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The Student

Fun, I - lst July 1865


I have chambers up in Gray's-inn,
  Turning out from Holborn-bars,
Though there are as many ways in
  As in Dublin there are cars.

You from Gray's-inn-lane can enter,
  Or from * * among the trees,
Then there's * * in the centre,
  Or from * *,if you please.

(Here follows, in thirteen verses, a list of the various approaches to Gray's-inn.)

I am on the second story,
  Where my name, in sable tint,
You may find in all the glory
  Of the largest Roman print.

If you'd like to know what others
  Live within the same domain,
Why there's, first, COLLUMPTON BROTHERS,
  Then there's POGSON, COGS, and CRANE.

Then you come to —

(Here follow, in seven verses, the names of our contributor's fellow- lodgers.)

One fine morning I was sitting
  On my pleasant window-sill,
Little o'er my mind was flitting,
  As I nibbled at my quill;

Not of Mexico revolving,
  Nor of Portugal and Spain,
Nor of Parliament dissolving,
  Nor of smashed excursion train.

(Here, in twenty-seven verses, follows a list of subjects of which our contributor was not thinking.)

For of Mexico I'm weary,
  Parliament's a thing of nought,
Trains' to me are always dreary —
  Trains of passengers or thought.

(Here, in nineteen verses, he explains his reasons for not thinking of the subjects enumerated in the preceding
twenty-seven.)

Well, as I was sitting idly
  On my pleasant window-sill,
Speculating vaguely, widely,
  On my aunt's unopened will,

I perceived a silent student
  At a window, quite at home,
Stooping more than I thought prudent
  Over a Tremendous Tome.

As I watched the youth pursuing
  His * * * I exclaimed,
"Well I wonder what you're doing,
  And I wonder how you're named!"

P'raps to orders you're proceeding,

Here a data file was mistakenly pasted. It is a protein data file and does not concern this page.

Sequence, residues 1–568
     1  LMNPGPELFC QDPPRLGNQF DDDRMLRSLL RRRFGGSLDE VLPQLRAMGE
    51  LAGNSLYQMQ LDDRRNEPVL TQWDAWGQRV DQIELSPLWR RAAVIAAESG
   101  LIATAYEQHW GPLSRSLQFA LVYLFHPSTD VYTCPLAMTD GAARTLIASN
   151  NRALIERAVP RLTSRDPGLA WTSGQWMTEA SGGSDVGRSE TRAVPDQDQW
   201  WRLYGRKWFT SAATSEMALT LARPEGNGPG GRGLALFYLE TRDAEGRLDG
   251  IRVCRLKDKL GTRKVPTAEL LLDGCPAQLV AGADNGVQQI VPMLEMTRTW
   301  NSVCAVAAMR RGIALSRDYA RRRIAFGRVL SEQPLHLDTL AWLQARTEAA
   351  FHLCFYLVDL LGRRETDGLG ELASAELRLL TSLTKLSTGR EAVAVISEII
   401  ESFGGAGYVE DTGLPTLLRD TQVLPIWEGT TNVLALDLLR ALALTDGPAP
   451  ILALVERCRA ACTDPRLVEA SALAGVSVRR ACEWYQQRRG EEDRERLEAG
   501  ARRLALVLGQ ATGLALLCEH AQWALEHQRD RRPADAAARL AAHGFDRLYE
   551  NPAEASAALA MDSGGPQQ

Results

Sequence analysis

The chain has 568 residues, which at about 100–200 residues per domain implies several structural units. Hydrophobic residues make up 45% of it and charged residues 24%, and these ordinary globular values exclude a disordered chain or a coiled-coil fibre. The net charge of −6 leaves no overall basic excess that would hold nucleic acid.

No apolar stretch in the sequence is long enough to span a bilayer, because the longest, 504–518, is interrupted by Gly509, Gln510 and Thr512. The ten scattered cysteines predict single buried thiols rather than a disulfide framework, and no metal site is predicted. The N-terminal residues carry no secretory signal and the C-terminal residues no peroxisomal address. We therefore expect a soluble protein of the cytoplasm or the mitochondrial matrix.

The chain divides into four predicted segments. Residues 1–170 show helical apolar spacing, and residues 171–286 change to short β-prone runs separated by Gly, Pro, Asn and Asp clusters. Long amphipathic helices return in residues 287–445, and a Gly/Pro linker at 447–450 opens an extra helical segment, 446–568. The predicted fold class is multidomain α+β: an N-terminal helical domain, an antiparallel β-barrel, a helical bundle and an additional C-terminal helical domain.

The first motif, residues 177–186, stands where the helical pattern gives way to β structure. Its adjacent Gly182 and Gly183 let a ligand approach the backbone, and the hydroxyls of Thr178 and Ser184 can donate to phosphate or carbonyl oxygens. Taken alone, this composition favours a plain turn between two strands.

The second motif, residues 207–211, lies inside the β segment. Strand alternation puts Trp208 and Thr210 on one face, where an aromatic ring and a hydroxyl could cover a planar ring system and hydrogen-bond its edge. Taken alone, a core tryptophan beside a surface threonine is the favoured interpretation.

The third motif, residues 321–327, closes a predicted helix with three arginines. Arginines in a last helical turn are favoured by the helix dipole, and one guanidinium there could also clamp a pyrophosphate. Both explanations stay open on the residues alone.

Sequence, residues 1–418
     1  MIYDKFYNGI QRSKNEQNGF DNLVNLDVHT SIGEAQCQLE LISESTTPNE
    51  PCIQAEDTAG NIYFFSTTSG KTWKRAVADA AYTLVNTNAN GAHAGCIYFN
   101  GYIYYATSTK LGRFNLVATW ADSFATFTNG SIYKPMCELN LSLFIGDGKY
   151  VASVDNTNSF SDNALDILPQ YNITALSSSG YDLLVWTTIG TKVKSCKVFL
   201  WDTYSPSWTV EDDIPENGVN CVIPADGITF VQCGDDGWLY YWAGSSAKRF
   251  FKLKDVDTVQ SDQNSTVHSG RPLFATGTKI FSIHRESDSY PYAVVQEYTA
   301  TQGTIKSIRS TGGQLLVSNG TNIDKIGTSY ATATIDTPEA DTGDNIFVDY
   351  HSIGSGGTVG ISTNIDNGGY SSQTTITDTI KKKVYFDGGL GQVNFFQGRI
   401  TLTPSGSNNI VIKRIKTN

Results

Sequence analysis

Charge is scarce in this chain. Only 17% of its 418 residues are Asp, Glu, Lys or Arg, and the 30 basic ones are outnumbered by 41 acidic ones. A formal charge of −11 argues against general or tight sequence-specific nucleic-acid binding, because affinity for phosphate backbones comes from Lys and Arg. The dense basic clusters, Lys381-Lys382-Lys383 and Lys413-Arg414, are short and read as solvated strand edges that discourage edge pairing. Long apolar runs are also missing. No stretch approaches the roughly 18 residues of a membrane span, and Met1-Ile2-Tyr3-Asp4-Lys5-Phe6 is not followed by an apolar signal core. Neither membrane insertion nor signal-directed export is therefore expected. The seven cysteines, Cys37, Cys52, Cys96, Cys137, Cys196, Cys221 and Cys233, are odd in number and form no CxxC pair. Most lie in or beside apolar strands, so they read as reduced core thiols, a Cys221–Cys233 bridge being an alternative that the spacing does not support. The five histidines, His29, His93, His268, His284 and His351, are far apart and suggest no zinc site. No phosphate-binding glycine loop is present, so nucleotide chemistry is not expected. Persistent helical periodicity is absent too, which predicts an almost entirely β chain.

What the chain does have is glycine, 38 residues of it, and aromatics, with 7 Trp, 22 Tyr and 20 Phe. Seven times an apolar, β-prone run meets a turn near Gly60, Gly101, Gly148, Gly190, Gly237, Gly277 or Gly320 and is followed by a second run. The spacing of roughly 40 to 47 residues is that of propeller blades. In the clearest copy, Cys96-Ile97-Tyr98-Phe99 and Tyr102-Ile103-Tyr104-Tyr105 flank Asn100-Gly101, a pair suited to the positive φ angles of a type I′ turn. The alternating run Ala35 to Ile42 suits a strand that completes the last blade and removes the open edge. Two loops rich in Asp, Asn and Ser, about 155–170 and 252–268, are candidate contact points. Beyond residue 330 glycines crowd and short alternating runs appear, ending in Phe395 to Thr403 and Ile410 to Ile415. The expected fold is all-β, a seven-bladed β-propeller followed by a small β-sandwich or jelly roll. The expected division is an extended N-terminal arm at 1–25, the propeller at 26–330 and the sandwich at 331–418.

P'raps I've found a lawyer keen —
Caught an Oxford man at Reading —
  Possibly your name is GREEN.

(Here, in thiry-five verses, he speculates on the youth's possible prospects, and suggests a variey of names, all or any of which may be his. He then, rather artistically, changes his metre, and bursts into thef ollowing impassioned appeal): —

"I ask an ap- ology?"
  Is it zo-
  Is it conch-
  Is it ge-
  'Lectro bi-
  Meteor-
  Is it nos-
  Or etym-
  P'raps it's myth-
  Is it the-
  Palaeont-
  Or archae-

(And so on, through all the ologies — eighy-four more lines.)

This in accents loud I shouted
  At the youth across the square,
* * * I never doubted
  * * * he was aware.

If he heard me, nothing wot I,
  For he studied still his lore,
And no sort of answer got I,
  So I shouted out once more,

"I ask an ap- ology?"
  Is it zo-
  Is it conch-
  Is it ge-

(And so on, as before, through the ninety-six ologies.)

Still no answer, sign, or motion
  Came from him across to me,
And to this day I've no notion
  What that student's lore might be,

Whether zo- ology,
Whether conch-
Whether ge-

(And so on, as above.)

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